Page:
7 things to consider when making an acquisition

Whether you’re acquiring another company, or if a company is acquiring you, there are a few things that all business owners or partners should consider before making the final move. Acquisitions can be a smart and strategic idea, but if not planned carefully, could end up a total bust! Here are seven things to consider when making an acquisition to give you some ideas for your next move.

Costs

There are a lot of costs involved when acquiring another business, and if you’re not careful, things could get ugly pretty quickly. How will your two companies make a profit? Will there be any additional investments you’ll have to make? Can you handle the salaries of all the employees combined? Take some time to go over your finances and the finances of the other company. Make sure to investigate the background of the new company. A full audit is truly ideal to check for any lawsuits, bankruptcies, etc.

A good match

Opposites don’t always attract, at least not in the business world. Most likely the company you are acquiring will have its own way of doing things. Before you decide to become one, you’ll want to do some research on the other company’s culture.

When acquiring another business, the company culture plays a major role in whether the acquisition will be a success or a failure. Drastically different company cultures can create tension, confusion and disorganization. You’ll want to cover all of the tiny details as to how the other company runs its business and decide if it would be a good match for your company.

Defining roles

When you make an acquisition you already have employees, but you’ll also be gaining even more. It’s important to know how many employees the other company has, what each of their roles are and which departments they work in. Decide if each department has an efficient amount of people, if some employees will be willing to move departments, or if new departments need to be made. Also note that upper management roles might also change. Is the boss okay with becoming a regular employee? Or will new CEOs be assigned? Defining these roles ahead of time will help to prevent any confusion among your workers.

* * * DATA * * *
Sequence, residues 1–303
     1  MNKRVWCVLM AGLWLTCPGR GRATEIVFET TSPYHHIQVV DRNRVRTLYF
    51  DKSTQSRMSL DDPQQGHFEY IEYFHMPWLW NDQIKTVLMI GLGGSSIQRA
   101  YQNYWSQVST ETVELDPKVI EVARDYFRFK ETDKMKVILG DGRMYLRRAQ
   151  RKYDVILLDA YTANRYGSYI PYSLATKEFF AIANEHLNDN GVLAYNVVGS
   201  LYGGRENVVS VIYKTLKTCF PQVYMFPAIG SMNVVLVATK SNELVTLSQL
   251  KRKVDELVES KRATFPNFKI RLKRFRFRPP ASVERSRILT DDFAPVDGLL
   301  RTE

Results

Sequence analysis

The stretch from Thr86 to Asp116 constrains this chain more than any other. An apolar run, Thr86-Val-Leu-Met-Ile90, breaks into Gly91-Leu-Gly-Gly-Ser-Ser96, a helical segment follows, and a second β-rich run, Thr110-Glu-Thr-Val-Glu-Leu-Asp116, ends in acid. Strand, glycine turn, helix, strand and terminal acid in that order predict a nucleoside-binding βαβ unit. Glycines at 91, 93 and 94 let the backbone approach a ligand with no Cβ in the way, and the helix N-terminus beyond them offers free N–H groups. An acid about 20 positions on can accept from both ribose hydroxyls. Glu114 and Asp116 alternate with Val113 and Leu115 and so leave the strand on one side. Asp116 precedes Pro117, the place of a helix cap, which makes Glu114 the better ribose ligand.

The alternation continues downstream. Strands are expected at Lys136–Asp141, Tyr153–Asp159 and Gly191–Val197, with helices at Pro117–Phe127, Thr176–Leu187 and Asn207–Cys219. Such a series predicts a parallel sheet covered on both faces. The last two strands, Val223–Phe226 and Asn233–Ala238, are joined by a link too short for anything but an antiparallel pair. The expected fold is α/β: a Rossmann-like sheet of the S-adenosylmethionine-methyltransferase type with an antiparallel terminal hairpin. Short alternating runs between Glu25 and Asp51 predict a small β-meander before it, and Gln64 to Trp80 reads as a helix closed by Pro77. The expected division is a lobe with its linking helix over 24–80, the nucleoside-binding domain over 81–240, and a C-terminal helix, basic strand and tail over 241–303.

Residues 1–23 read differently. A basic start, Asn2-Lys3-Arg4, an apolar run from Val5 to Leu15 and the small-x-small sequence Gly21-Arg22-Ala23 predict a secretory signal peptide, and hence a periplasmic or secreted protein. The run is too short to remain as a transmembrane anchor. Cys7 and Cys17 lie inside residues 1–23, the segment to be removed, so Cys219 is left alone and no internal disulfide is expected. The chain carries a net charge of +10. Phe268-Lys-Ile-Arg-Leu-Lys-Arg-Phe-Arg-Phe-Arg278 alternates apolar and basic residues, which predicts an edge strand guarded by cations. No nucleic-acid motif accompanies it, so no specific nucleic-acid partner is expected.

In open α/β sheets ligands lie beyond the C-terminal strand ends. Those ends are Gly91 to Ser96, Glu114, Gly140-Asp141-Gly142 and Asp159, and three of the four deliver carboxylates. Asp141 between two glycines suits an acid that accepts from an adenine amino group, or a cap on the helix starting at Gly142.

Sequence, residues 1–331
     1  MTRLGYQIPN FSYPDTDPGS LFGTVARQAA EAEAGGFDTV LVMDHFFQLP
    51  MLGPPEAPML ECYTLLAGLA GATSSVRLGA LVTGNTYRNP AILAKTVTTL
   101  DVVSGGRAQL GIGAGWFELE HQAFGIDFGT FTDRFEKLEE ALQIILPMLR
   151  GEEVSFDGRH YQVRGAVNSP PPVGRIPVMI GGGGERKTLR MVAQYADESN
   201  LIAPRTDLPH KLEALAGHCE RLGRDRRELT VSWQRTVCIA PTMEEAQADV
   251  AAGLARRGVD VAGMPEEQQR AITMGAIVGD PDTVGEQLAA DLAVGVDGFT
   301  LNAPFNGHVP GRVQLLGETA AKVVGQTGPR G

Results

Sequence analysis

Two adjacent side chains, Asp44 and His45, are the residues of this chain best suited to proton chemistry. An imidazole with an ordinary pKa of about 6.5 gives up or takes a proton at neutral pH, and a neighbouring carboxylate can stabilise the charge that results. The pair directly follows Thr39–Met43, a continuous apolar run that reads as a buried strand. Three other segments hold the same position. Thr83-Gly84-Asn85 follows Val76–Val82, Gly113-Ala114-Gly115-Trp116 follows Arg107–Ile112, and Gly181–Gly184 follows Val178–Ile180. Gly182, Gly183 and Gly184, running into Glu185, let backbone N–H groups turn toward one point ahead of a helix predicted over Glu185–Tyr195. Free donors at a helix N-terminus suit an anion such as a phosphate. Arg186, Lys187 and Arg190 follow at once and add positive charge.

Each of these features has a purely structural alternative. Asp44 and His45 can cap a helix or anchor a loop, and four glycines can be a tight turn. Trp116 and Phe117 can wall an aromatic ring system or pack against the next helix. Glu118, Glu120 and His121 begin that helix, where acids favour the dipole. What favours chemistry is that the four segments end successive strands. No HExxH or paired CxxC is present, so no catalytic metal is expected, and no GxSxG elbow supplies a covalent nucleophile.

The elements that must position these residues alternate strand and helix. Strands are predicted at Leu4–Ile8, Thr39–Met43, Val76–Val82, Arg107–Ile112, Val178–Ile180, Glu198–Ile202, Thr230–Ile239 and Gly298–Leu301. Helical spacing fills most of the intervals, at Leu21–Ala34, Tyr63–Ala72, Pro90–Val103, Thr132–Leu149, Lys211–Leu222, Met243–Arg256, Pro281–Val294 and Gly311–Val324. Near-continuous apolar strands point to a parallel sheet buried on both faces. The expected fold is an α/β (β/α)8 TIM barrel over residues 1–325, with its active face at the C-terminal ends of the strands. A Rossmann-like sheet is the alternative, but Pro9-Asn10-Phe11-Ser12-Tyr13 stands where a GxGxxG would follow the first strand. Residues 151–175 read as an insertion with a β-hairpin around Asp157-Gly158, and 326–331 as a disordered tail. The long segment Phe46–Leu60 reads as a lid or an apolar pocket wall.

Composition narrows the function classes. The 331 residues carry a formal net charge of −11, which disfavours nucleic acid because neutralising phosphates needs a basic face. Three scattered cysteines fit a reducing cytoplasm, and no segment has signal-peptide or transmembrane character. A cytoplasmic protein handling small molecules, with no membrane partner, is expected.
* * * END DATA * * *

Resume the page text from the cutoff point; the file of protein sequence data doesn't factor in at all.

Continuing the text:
Goals

Establishing the main objective of the newly combined companies is important before making the acquisition. You will want to make sure that everyone is on the same page and that the two companies will mesh together well. How will you make a profit? What are the benefits of acquiring the new company? What are the two companies trying to achieve by working together?

Proactive planning

You don’t want to acquire a business without thinking ahead. When two companies come together there will be a lot of different aspects to consider and you’ll want to make sure that you have covered everything before officially merging. That way when you’re ready to break the news to your team, you will be fully prepared to address any questions or concerns.

Choosing a company

It’s best not to wait around for a potential company to put up a “For Sale” sign. Instead be proactive about the acquisition and scout out any companies that you think would be a good fit. If the company you are looking to merge with is not for sale, then be ready to set up an offer and a solid reason as to why this acquisition would benefit them.

Competition

You’ll want to do your research to find out who your potential acquisition competitors are or will be. If their competitors are much more advanced than yours, and might be hard to beat, then that company might not be the best bet for your acquisition.

J. Michael Waters, Jr. is an attorney at Dismuke & Waters, P.C. He can be reached at (817) 749-0317 and [email protected].